Quite ironic for a man known as “the son of his father.”
By the time he was done, there were seventy signatures on the statement condemning Hujr and his associates. A few of the signatures had been “volunteered” by Ziyad.
Ten days after turning himself in, Hujr and his associates began the journey to Damascus. As they were led out of Kufah, their families met them at the gates, crying and praying for them.
“This will not do us any good now,” said Hujr. “If you really want to help, you know what to do.” They would have to fight against Ziyad.
An old man, watching the prisoners leave Kufah began to shout: “Aren’t there even ten clans strong enough to rescue them? How about five? Not even five clans?”
Two weeks later, the captives were brought before Muawiyyah for judgment. Ziyad had sent two more to Damascus bringing the total to fourteen.
“As-Salaamu Alaikum, ya Ameerul Mumineen,” Hujr greeted Muawiyyah upon entering his court. The room was crowded with the fourteen prisoners, Ziyad’s police escorts, Muawiyyah, and several of his Syrian advisors.
“Oh, now you say ‘Ameerul Mumineen’?” Muawiyyah said. “By Allah, I don’t want to hear anything from you!”
He proceeded to read Ziyad’s statement aloud.
In the Name of Allah, the Beneficent, the Merciful. To Ameerul Mumineen, Muawiyyah, from Ziyad ibn Abi Sufyan. These oppressors, whose leader is Hujr ibn Adi, have opposed Ameerul Mumineen, and declared war on us. Allah has made us victorious over them and enabled us to deal with them. I have summoned the best people of Kufah, their nobles and their chiefs, those possessing intelligence and faith. They bear witness to the crimes of these men and their signatures and names are included below.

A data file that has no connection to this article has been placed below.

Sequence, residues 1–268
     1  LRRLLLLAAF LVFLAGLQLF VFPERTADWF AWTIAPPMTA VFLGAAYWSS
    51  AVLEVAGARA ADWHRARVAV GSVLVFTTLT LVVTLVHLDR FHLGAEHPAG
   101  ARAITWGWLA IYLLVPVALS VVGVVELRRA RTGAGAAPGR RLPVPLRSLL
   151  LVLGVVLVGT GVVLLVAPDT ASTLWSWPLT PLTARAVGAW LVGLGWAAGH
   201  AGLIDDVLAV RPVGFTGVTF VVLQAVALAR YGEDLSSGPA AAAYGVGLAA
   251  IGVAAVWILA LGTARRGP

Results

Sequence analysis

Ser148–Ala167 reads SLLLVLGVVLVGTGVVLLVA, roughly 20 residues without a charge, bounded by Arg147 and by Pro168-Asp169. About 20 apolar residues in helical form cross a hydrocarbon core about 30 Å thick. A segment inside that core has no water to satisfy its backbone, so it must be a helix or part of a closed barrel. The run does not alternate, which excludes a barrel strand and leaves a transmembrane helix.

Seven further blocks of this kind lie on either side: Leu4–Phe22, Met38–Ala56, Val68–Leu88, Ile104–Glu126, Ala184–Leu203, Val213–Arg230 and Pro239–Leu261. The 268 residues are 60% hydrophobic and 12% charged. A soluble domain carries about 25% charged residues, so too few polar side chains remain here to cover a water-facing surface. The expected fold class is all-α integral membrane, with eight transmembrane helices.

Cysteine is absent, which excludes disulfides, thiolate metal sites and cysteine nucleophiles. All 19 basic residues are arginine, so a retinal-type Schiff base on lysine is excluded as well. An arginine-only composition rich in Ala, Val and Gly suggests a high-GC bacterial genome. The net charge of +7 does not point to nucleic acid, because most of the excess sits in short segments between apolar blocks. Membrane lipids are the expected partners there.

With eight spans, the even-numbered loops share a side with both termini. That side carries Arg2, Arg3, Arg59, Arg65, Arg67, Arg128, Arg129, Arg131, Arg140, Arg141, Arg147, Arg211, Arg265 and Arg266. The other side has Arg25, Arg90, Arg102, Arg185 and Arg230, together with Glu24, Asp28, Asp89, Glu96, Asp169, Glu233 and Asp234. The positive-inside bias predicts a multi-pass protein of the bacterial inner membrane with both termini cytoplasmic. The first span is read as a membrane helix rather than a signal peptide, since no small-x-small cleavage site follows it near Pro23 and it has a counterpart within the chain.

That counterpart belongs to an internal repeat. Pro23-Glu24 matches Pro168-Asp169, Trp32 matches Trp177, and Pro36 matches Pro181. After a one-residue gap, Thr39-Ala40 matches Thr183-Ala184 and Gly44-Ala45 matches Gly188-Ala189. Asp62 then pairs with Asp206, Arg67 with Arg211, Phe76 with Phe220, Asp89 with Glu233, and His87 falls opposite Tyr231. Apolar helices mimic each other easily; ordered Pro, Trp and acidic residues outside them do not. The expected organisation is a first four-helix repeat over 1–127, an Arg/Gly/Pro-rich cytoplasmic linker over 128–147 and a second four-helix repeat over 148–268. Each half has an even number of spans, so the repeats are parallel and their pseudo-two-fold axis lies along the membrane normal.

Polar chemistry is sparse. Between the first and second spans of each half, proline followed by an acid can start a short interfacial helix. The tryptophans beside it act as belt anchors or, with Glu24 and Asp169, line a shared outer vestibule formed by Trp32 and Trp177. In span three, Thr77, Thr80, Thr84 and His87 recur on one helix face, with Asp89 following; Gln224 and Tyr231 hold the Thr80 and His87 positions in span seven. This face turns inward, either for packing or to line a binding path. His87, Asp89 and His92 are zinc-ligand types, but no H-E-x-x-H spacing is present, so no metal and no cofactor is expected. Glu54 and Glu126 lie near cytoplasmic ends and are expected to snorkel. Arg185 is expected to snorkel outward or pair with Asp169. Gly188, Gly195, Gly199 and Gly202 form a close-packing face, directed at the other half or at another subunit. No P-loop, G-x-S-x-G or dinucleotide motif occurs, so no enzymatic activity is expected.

After reading the letter, Muawiyyah turned to his advisors.
“What should we do? Their own people testify against them.”
“Leave them in Syria,” one advisor replied. “Spread them out among the villages where they cannot cause trouble.”
That wasn’t really an option for Muawiyyah as he did not want these men in his own backyard.
Muawiyyah was at a crossroads. Hujr ibn Adi was well-known throughout the empire and enjoyed a good reputation.
Yet, according to Ziyad, these men deserved to be executed.
His doubts increased when he received another letter from a former judge living in Kufah.
In the name of Allah, the Beneficent, the Merciful. To the servant of Allah, Muawiyyah, Ameerul Mumineen. I have heard what Ziyad wrote to you concerning my testimony against Hujr ibn Adi. I did not sign that statement and did not approve my name being attached to it. My testimony about Hujr ibn Adi is this: He prays regularly, gives charity, performs the Hajj, enjoins the good and forbids the evil. His blood and his property are sacred.
Still uncertain, he muttered, “I wish I had read this one first.” He ordered Hujr and the others taken to prison while he considered his next move.